Amec's Plymouth Meeting office wins SBA award
The federal agency recognized the huge engineering firm's success at using small-business subcontractors on the contracts it lands.
Amec's Plymouth Meeting office wins SBA award
It seems odd for the U.S. Small Business Administration to hand out awards to big businesses just because they play well with small business.
But if it wasn’t for the Dwight D. Eisenhower Award for Excellence, the Philadelphia area wouldn’t have any winners among the national awards issued during last week’s National Small Business Week.
Amec Earth & Environmental Inc., of Plymouth Meeting, received the Eisenhower award in the services category. That office is part of Amec P.L.C., a London-based engineering and project-management company that had 2010 revenue of 2.95 billion pounds, or $4.5 billion.
So we’re not dealing with a small business, but Joseph Farrell, small-business liaison officer with Amec, said his company uses lots of subcontractors that certainly do qualify as small firms. In fact, up to 50 percent of the dollars it spends on subcontractors on the federal contracts it receives goes to small business, he said.
That not only sounds good, it beats the federal goal of 23 percent of every contract dollar spent going toward small business, said SBA Region 3 regional administrator A. John Shoraka.
What is Amec doing differently?
For one thing, it has a Joe Farrell, who’s been the small-business liaison for Amec since 2005. Because the company has been winning major federal prime contracts from nearly every branch of the U.S. military in recent years, there are strict requirements it must meet for small-business participation.
“Our commitment to small business goes beyond contract requirements,” Farrell said. “We think our small-business partners will supply the best service to our clients. That’s really been ingrained in our culture in the past few years.”
To find those small businesses, Amec holds 20 to 30 outreach events annually seeking small firms that can supply all manner of services for its environmental and infrastructure projects. “If it can be set aside for small business, we’re going to do it,” Farrell said.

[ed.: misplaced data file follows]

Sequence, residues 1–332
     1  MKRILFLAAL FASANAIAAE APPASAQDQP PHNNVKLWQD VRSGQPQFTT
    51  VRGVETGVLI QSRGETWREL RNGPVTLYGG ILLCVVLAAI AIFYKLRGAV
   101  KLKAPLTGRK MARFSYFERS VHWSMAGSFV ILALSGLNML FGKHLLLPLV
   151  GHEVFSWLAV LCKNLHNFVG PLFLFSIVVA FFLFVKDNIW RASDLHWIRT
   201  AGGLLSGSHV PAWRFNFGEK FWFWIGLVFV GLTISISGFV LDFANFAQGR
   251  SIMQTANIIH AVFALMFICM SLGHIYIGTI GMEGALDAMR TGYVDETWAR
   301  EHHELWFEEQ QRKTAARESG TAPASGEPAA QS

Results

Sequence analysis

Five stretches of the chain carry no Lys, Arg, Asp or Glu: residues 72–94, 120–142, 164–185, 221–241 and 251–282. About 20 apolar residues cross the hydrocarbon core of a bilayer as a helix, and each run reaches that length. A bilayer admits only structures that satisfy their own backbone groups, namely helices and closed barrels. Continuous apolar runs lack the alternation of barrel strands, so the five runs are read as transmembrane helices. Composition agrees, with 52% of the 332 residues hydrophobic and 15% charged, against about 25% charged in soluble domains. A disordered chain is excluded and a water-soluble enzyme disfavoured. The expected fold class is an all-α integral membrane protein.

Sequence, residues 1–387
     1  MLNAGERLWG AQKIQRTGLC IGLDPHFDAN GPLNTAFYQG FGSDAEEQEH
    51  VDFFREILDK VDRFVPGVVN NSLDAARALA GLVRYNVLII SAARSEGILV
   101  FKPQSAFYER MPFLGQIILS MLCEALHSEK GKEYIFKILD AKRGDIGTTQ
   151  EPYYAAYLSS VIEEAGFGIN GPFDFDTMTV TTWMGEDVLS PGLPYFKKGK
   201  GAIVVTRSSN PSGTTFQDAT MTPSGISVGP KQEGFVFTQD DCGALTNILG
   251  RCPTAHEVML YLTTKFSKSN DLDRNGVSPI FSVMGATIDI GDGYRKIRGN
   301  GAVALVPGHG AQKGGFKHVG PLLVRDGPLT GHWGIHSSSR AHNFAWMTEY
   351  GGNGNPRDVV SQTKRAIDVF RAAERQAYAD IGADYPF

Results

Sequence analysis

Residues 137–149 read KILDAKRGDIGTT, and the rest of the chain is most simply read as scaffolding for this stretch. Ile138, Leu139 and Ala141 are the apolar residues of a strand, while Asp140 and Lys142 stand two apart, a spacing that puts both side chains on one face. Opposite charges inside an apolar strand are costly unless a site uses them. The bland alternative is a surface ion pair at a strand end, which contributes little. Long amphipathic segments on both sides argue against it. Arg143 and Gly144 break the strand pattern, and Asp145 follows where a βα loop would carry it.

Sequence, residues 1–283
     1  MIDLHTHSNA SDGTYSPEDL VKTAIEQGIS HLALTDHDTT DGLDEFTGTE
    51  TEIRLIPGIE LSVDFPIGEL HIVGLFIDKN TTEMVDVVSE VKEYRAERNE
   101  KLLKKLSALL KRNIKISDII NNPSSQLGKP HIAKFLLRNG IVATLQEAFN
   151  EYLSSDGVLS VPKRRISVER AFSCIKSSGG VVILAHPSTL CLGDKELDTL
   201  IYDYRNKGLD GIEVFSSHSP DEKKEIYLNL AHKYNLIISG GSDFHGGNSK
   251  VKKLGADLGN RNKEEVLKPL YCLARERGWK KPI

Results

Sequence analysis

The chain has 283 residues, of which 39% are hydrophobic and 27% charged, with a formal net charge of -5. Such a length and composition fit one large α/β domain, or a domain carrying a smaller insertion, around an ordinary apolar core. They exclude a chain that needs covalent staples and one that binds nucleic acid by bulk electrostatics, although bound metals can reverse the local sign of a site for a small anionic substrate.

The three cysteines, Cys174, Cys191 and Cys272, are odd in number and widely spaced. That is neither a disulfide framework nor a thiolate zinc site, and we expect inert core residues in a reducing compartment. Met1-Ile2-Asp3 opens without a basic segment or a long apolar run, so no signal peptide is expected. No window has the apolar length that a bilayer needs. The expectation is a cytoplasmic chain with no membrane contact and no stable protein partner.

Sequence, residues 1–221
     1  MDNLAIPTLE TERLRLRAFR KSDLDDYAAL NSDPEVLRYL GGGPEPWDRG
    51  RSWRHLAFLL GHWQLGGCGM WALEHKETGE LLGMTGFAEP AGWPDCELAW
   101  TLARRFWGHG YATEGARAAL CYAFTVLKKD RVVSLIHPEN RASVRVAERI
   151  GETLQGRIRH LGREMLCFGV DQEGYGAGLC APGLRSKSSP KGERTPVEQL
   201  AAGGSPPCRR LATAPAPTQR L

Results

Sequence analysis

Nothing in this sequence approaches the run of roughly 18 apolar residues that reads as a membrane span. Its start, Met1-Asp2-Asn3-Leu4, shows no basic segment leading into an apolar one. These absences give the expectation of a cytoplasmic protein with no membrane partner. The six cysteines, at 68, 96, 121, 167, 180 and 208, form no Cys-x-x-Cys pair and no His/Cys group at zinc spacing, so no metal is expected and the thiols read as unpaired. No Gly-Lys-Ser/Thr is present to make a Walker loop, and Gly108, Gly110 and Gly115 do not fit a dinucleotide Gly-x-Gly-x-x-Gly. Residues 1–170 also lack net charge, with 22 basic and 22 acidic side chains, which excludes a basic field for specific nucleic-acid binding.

Part of his job is also to make sure that those small businesses really are what they say they are. “The federal government doesn’t just take our word for it. They say, ‘Show me the paperwork,’ ” Farrell said, meaning the required certifications.
What is now Amec’s Philadelphia operations started out as Ogden Environmental & Energy Services Co. in the late 1970s. Ogden Corp. sold that business to Amec for $17.5 million in 2000.
Now, the Plymouth Meeting office of Amec has grown to a little more than 100 employees, including engineers, scientists, project managers, procurement professionals, cost schedulers, and support staff. All federal contracting programs are handled out of that office, Farrell said.
And Amec’s business footprint will be getting bigger with last week’s announcement that its parent company will acquire Mactec Inc., an Alpharetta, Ga., engineering and design firm with 2,600 employees, for $280 million.
Sounds like that means more work finding small-business subcontractors for Farrell.
Results are in
And now, a follow-up on some corporate-governance issues involving area companies last week.
Shareholders at Urban Outfitters Inc. turned down a proposal by two socially responsible investors who wanted the retailer to commit to including women and minority candidates when searching for new board members. Urban’s seven-member board is all white and all male.
While 77 percent of the shares voted were against the shareholder proposal, backers were heartened that 23 percent of the votes cast by Urban Outfitters’ shareholders supported it.
“We’re happy with the message it sends to management there,” said Aditi Mohapatra, senior sustainability analyst for Calvert Investment Management Inc.
A proxy fight involving Trevose-based Pulse Electronics Corp. more or less fizzled. Rival electronic-components-maker Bel Fuse Inc. had put forward two nominees to add some pressure after its unsolicited bid for Pulse.
Pulse said shareholders elected all of the board candidates nominated by the company. A preliminary count showed about 87 percent of shares cast in favor of Pulse people, the company said.
(The individual vote totals won’t be released until they’ve been certified by an independent inspector of elections. That’ll likely happen next week.)
For its part, Bel Fuse said that while it was “disappointed,” those same results indicate that at least one of its director nominees was “narrowly defeated.” The Jersey City company also reaffirmed its willingness to discuss a “business combination” with Pulse.
Finally, against the recommendation of the board of Aetna Inc., shareholders approved a proposal that would require the health insurer to have an independent chairman, rather than someone who is or has been a senior Aetna executive.
Right now, CEO Mark T. Bertolini also serves as Aetna board chairman.
That may change. In a statement, Aetna’s board said that it “will consider the implications of the independent chairman vote at a future meeting this year.”
See what comes from holding your annual shareholders meeting in Philadelphia? Independence breaks out all over.